King & Spalding Houston
Why international arbitration?
Clients and colleagues brought me into it 11 years ago and, thank God, never left me.
What’s been the highlight of your career so far?
Helping City Oriente obtain provisional measures against Ecuador, and then to settle the case. It was a small oil company from Texas with a half-Ecuadorean management, who were involved in every aspect of the case because the production-sharing agreement was their main asset. We were literally fighting for the company’s survival. The fight became intense when the state started local criminal actions against the Ecuadorean managers, forcing them to flee the country and live in exile for several months. Those that have requested provisional measures of this nature can well understand the importance and the pressures involved. The client’s last hope lies with the result of your work, even their basic right to freedom.
Who do you consider your mentor?
Doak Bishop. I have been fortunate enough to learn not just from one of the best advocates in the world, but from someone who takes the training of his team’s advocacy skills very seriously.
Who else in the field do you admire?
I enjoy working with and greatly respect Margrete Stevens. She is very experienced in understanding arbitrators’ different personalities and a tribunal’s dynamics.
What other career might you have chosen?
I would have continued advising international companies in Argentina on public law and energy issues.
What advice would you give someone just starting out?
To be patient and build your advocacy skills. The path into this small and very competitive business can be long and frustrating. If you can't show your skills through tribunals’ decisions, then try to write and publish as much as you can.
Do you sit as an arbitrator?
So far I have only acted as counsel.
What are the biggest challenges facing arbitration?
The number one challenge is to maintain the system’s credibility. Clients’ frustration with some important aspects of the system, including the time it takes to get a final award and the cost involved, is something that concerns us. Some clients are still waiting for an award three to four years after the merits hearing. No business can be sustained long-term in those conditions.
If you could change one thing about the system...?
I think that time and globalisation are changing it, but the excessive influence of Anglo-Saxon culture in this business is a remnant from the past that should change to ensure arbitration is not seen as created by and for a particular culture. Fortunately, I think several Latin American countries are embracing domestic and international arbitration and making it an important mechanism to settle disputes. For example, Peru has been intensively arbitrating its disputes for years, andd no longer sees it as a system imposed by foreign powers.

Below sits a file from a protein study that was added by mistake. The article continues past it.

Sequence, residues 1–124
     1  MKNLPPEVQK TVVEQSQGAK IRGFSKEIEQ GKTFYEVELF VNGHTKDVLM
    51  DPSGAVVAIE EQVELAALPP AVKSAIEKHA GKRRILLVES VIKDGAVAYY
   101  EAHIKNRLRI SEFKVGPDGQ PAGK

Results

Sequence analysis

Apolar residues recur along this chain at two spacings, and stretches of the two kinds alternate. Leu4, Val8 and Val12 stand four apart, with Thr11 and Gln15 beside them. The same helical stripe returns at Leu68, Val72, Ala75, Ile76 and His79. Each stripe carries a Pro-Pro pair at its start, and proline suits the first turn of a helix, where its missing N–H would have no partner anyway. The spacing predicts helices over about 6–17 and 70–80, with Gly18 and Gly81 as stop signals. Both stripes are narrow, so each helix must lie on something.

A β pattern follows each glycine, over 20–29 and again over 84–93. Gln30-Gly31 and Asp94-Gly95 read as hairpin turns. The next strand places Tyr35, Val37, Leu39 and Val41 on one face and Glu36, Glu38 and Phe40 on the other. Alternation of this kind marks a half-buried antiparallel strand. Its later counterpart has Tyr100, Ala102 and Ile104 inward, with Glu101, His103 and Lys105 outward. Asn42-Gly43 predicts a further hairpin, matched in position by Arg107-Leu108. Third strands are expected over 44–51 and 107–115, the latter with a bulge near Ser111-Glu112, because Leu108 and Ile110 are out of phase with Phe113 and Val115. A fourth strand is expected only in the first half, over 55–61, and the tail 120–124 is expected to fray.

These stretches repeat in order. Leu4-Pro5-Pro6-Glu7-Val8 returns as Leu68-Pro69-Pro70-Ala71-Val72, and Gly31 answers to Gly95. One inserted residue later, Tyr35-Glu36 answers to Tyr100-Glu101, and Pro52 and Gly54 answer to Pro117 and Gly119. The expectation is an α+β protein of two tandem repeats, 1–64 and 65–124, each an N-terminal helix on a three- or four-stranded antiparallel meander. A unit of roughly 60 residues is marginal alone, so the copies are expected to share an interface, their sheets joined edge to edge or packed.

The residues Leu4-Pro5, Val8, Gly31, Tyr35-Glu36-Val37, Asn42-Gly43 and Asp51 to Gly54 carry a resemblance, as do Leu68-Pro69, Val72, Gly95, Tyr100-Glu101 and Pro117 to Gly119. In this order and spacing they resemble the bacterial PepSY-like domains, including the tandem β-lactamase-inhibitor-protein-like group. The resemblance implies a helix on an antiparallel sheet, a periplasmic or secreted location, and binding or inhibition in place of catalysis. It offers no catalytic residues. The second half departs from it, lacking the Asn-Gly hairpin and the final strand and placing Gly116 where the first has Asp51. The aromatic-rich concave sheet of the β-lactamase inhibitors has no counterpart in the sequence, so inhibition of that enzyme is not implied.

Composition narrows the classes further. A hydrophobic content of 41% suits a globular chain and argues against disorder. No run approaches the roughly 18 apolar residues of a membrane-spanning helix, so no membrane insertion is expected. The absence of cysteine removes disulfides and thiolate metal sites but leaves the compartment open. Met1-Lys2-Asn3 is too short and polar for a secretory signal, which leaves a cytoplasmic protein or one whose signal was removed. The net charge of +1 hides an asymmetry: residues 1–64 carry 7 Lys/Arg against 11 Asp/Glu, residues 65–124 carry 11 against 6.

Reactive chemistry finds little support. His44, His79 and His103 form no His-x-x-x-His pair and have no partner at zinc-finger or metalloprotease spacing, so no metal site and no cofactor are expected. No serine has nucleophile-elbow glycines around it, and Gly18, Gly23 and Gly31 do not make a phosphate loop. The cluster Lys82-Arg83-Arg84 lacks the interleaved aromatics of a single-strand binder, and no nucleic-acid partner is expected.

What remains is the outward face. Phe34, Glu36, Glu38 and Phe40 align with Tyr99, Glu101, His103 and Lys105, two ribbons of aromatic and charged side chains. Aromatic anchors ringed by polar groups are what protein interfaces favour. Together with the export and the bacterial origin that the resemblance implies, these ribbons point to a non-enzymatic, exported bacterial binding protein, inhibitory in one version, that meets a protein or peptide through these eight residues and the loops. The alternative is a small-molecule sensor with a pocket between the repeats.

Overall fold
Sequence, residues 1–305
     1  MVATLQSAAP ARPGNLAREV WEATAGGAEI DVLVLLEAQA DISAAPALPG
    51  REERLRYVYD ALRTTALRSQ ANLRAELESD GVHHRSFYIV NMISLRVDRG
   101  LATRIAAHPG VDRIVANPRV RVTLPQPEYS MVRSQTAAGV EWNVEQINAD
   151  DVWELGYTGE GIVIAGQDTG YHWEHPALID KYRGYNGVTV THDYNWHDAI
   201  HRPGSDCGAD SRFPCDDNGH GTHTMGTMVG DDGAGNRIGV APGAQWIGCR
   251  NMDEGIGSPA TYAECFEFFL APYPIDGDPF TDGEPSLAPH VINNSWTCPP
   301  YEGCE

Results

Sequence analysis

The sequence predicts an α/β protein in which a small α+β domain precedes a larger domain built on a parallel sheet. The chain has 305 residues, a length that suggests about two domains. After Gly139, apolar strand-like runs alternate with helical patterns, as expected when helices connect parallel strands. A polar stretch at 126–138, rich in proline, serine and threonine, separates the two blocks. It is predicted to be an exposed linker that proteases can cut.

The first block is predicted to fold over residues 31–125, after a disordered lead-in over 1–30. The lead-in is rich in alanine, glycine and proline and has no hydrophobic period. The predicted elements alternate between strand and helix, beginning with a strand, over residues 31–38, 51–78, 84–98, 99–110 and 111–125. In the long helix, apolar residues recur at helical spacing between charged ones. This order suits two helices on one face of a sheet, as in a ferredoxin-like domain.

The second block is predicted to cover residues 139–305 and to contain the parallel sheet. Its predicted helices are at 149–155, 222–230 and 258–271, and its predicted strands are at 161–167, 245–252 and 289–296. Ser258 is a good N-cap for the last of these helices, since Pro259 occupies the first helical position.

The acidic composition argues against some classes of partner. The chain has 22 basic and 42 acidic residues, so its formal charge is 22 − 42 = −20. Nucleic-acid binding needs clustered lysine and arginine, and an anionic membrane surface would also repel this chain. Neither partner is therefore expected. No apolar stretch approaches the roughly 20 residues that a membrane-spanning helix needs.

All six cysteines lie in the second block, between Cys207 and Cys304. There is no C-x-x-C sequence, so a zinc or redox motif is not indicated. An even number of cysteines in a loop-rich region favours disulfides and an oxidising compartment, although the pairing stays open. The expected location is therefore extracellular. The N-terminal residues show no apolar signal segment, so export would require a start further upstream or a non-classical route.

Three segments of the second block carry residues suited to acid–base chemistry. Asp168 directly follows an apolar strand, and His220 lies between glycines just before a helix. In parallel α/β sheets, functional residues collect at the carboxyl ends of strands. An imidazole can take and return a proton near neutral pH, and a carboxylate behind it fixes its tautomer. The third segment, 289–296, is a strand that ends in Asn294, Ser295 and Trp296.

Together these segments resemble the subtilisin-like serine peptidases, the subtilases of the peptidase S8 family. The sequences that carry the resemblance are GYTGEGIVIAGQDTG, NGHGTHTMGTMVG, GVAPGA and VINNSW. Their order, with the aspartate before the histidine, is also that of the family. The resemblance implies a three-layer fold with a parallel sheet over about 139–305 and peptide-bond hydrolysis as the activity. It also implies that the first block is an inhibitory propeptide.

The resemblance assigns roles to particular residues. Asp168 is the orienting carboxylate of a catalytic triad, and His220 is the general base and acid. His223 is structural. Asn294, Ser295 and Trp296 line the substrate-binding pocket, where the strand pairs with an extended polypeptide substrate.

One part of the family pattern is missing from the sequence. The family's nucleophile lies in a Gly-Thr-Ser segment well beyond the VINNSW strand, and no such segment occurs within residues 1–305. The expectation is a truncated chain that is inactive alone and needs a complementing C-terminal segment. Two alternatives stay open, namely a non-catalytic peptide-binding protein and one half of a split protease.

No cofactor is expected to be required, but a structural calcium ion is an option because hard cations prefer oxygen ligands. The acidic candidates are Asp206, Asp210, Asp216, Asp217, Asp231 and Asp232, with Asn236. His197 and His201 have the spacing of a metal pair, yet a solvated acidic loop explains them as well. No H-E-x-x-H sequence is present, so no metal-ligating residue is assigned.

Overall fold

What’s been your most memorable moment in a hearing?
On the seventh day of a hearing, Sir Arthur Watts was going to be cross-examined by opposing counsel on the by now well-known “defence of necessity” issue. It was still early in the day when suddenly the opposing counsel from Argentina starts questioning Watts on the sinking of the General Belgrano during the 1982 Malvinas war [ie, the Falklands conflict]. The cruiser was sunk during the war by a British nuclear submarine torpedo, taking 323 sailors with her. In 1982 Watts was deputy legal advisor in the Foreign and Commonwealth Office. Argentina, to this day, claims that the sinking of the Belgrano occurred outside the UK’s total exclusion zone and was not a justifiable act in light of the necessities of war. Some in Argentina even claim this was a crime against humanity. The tribunal stopped this line of questioning as it was totally improper, but those 20 minutes were unforgettable.
What’s your favourite city to arbitrate in?
Most of my hearings have been in Washington, DC, but I love to have hearings in Paris. I also must admit that one of the best times I had was during a hearing at CAM Santiago in Chile. It was a great venue, not to mention the hospitality of our colleagues in Chile. And great ceviche too!
What’s your favourite restaurant?
My selections go with the cities I visit the most: Da Marco in Houston; Spiagge di Napoli and Guido in Buenos Aires; Astrid & Gaston in Lima. There’s no steakhouse on my list, as the best asado is at my house.